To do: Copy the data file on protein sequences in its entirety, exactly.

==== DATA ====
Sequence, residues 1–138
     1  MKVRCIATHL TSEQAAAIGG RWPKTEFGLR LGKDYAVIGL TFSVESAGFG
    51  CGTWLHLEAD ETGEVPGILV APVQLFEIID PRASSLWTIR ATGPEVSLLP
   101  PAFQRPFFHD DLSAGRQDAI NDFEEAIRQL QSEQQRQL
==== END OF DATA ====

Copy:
Sequence, residues 1–138
     1  MKVRCIATHL TSEQAAAIGG RWPKTEFGLR LGKDYAVIGL TFSVESAGFG
    51  CGTWLHLEAD ETGEVPGILV APVQLFEIID PRASSLWTIR ATGPEVSLLP
   101  PAFQRPFFHD DLSAGRQDAI NDFEEAIRQL QSEQQRQL